Unfortunately, the accounting departments of some companies are not yet in the 21st century. Some digital nomads still have to deal with acceptance of checks. What is a problem to deal with on the road. If you are one of those unfortunate ones, the best option is to use an email service where you pay a monthly fee to receive and open your mail for you.

They can send you mail to any address you have abroad, in which case you can open the mail yourself if you find it funny that someone else is accessing your personal or business mail.

Make sure you have a bank account that allows you to send a check image to the app to deposit it, no matter where you live. However, this is a little tricky as some banks won’t let you use their app if you’re outside your home country. You can try using a VPN for your phone to access these apps.

As you can see, it is possible to take checks, but it is troublesome and should be avoided if possible. If your client insists on checks, make sure you add a condition with your next client that you don’t accept checks and get out of there.

Accept local payments

Not all digital nomads work remotely in some sense. Of course, they are far from home, but some of them also work in the local economy. Some living abroad have found a niche in the local market that they can fill. For example, if you are a web developer, you can find local clients who need a website for their business.

In these cases, you will use the local currency, but it is best to do it digitally. For tax purposes, having a digital “paper” footprint can make your bookkeeping easier to manage.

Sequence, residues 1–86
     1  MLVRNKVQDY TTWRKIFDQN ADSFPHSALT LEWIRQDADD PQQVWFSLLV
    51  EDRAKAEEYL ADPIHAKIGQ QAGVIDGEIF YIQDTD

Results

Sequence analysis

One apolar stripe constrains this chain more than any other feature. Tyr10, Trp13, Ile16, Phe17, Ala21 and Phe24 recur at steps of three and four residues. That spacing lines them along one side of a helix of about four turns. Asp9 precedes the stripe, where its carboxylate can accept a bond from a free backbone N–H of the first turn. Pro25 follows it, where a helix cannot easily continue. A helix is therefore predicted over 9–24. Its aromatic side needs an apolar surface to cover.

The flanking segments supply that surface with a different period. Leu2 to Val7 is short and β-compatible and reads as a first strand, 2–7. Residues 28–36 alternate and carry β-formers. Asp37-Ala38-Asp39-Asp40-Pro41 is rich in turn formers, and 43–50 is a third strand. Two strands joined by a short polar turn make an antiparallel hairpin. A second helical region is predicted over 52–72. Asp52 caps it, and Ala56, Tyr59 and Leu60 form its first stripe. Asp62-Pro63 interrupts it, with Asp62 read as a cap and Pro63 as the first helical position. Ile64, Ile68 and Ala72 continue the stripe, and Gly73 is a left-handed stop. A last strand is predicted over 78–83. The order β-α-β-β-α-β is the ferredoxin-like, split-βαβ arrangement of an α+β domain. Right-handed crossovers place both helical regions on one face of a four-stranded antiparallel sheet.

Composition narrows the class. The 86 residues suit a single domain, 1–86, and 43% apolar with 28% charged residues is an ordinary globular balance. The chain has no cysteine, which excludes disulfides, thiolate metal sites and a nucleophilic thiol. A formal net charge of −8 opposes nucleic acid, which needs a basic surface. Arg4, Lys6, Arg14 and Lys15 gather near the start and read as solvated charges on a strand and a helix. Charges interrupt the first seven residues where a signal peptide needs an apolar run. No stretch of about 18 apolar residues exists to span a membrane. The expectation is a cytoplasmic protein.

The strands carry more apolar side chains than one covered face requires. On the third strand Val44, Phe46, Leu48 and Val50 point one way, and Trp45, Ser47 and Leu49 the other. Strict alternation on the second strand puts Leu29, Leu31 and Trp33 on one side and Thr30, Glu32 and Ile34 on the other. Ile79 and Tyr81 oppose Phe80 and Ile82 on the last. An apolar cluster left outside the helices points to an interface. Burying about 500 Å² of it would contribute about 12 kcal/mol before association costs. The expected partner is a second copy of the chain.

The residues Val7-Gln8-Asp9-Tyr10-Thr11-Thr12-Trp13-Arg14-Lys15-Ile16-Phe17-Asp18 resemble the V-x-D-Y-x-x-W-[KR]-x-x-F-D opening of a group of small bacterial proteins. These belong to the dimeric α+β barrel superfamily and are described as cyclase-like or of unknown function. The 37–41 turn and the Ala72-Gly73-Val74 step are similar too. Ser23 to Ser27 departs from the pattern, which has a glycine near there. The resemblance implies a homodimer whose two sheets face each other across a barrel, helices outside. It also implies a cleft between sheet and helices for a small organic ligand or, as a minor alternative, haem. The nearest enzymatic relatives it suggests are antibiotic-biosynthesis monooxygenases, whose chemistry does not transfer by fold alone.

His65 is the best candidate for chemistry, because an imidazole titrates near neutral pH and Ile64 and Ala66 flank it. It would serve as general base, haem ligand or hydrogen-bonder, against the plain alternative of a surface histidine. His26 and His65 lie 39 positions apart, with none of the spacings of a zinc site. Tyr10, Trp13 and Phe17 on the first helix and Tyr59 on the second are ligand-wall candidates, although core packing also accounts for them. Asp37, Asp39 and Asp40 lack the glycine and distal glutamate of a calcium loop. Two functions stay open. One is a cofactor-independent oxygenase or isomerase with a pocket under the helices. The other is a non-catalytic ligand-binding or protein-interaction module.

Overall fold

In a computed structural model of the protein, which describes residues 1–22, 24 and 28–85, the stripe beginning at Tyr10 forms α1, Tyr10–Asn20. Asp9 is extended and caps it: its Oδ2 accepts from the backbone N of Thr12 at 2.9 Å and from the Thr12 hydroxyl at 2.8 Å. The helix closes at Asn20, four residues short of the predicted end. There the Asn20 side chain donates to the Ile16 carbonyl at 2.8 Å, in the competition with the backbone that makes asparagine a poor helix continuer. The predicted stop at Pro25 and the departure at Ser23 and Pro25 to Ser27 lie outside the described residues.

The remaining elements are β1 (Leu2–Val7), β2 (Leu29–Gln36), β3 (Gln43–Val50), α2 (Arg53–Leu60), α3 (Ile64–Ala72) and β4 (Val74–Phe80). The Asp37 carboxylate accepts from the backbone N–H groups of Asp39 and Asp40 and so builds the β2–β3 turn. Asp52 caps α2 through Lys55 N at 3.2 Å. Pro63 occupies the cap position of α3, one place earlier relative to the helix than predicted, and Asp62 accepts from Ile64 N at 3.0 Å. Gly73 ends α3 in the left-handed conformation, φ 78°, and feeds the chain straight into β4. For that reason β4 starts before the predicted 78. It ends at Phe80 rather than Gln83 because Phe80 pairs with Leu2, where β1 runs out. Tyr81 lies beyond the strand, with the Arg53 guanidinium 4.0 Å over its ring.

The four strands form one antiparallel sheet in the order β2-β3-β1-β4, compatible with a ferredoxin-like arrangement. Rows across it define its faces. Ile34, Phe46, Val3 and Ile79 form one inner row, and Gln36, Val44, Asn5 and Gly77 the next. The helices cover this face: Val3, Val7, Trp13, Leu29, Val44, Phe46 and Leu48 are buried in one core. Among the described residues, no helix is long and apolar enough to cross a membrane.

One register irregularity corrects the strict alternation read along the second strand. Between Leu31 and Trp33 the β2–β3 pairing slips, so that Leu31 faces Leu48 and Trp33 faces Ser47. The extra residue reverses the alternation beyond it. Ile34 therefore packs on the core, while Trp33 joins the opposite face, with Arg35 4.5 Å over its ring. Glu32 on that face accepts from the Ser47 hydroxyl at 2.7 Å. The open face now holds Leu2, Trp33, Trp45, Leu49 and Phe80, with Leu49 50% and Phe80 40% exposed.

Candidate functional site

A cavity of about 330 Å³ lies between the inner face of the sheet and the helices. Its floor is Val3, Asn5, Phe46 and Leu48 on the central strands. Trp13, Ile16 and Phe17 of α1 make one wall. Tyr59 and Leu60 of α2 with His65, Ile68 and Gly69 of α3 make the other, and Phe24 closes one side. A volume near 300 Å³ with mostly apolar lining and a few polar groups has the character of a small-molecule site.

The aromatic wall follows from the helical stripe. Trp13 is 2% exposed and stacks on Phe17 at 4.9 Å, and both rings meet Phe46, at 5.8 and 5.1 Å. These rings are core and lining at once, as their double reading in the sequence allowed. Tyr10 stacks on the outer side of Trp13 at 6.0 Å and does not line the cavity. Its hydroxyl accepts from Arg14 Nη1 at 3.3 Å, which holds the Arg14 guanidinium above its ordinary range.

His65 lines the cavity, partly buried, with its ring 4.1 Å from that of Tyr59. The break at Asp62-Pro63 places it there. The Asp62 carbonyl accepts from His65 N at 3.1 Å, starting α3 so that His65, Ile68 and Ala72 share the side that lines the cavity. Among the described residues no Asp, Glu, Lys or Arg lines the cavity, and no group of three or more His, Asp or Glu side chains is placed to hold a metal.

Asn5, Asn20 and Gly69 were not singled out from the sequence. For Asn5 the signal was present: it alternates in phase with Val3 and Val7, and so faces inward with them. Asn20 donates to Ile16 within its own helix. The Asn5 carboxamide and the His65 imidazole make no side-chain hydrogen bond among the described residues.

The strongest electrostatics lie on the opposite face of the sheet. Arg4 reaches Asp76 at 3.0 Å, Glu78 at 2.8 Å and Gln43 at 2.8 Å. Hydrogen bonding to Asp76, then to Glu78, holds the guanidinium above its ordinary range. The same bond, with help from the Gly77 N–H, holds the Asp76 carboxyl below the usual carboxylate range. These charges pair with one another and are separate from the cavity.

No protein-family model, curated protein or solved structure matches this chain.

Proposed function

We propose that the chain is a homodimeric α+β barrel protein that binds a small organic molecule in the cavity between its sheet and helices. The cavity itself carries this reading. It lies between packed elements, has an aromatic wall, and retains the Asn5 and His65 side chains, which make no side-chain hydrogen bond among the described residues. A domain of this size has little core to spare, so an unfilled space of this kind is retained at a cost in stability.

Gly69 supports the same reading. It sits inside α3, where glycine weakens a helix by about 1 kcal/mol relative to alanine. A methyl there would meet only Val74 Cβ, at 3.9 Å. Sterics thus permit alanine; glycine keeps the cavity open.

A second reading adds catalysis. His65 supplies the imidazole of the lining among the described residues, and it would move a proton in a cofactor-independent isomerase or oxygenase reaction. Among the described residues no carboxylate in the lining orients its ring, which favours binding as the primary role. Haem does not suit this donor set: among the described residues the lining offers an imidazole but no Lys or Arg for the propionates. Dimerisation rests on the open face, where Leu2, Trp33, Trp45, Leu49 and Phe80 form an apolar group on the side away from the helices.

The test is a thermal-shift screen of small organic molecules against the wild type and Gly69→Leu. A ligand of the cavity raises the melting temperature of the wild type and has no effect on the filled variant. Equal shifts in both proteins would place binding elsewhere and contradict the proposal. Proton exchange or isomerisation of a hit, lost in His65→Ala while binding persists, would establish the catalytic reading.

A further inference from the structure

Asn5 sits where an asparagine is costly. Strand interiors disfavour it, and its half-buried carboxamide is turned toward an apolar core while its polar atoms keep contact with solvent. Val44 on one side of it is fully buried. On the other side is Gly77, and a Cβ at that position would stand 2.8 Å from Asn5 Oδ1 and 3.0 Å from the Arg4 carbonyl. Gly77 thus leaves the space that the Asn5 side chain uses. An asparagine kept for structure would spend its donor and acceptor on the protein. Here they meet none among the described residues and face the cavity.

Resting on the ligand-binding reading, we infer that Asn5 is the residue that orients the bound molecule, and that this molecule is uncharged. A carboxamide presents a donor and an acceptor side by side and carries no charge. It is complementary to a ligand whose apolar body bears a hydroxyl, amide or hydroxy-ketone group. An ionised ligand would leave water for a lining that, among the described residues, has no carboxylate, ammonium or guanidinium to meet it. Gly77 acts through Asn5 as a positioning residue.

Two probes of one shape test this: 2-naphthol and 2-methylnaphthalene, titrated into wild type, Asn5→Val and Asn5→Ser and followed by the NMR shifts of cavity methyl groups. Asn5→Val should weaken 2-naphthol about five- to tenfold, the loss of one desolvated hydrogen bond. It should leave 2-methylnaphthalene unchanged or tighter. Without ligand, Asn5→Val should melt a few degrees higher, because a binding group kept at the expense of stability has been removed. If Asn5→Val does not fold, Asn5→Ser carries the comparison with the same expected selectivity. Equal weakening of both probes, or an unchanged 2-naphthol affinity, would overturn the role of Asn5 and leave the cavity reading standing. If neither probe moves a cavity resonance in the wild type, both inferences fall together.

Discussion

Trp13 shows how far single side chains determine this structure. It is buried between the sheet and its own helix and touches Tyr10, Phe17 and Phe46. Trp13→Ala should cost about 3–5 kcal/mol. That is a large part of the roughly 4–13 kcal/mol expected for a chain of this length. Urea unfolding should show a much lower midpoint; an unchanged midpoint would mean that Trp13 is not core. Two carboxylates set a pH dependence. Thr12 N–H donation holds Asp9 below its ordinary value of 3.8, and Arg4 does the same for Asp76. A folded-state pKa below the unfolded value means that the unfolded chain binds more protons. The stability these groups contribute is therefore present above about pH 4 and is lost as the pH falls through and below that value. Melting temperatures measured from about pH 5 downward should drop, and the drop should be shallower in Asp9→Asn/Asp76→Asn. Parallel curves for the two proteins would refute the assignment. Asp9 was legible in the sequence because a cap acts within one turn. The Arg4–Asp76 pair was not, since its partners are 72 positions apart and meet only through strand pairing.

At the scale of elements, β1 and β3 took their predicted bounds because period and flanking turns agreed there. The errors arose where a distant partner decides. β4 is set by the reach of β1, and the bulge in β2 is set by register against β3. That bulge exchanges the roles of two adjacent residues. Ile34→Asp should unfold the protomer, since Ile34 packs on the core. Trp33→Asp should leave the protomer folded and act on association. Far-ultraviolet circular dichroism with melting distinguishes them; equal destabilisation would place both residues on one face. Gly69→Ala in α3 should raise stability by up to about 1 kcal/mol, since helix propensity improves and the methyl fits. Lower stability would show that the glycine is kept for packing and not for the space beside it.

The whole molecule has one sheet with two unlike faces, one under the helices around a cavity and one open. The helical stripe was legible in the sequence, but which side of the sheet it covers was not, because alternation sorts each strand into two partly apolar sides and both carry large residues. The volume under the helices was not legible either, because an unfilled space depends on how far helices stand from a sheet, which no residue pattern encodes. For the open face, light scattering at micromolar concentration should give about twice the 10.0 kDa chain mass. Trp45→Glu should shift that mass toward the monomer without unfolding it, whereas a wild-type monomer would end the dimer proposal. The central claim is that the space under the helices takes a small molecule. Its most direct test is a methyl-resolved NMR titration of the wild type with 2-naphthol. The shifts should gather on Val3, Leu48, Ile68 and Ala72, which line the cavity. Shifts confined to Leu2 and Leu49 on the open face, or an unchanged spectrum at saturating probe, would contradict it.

There are many ways to accept payments with credit or debit cards using the car reader on your phone. Stripe is a popular processor, so something like this that plugs into a phone jack and lets you read cards is the easiest way to process a payment.

However, there is a fee for each trading service. Usually you pay a percentage of the sale plus a monthly fee. And in some cases, you also pay a fee for sending payments to the bank that processes the payments.

It’s not an ideal situation, but it might work for you if you’re taking on local clients. In the US, getting cash sometimes requires you to register with your local chamber of commerce and have a special tax identification number for billing customers.

Make sure you meet tax requirements

Regardless of how you plan to accept payments for your services, you need to make sure you pay your taxes correctly. This is the biggest problem for digital nomads, and information is conflicting at best on how to deal with your taxes while working on the road.

If you are an American then you must file a tax return no matter how much you earn or where your income comes from. You may not pay any taxes, but you must apply. In many cases, you should be eligible for the earned income tax credit, which covers you from having to pay taxes, unless your annual overseas income exceeds $109,000.

You may now be required to pay local taxes depending on how long you stay in one place. Each country will have its own rules regarding when you turn off the wire in terms of time spent in the country, which requires you to pay local taxes. Someone will say that it is 6 months, and someone will say a year.

Now, if you don’t pay any local taxes, you will need to pay SECA taxes in the US no matter how much you earn. Basically, it’s your payroll tax that covers your Social Security and Medicare, which is usually withheld when you work for a company. If you are working remotely for a US company, ignore this as these taxes are automatically withheld.

If you are a freelancer, you should definitely hire an accountant or tax expert who specializes in these types of scenarios. Knowing that you won’t end up with tax penalties later on is probably worth it.


When you live on the road and do not have a permanent address, you really feel free. However, at the same time, you also have a lot of complexities when it comes to getting paid and paying taxes.

For many, it’s worth it. You just need to know your options so you can choose the best path that is the least difficult.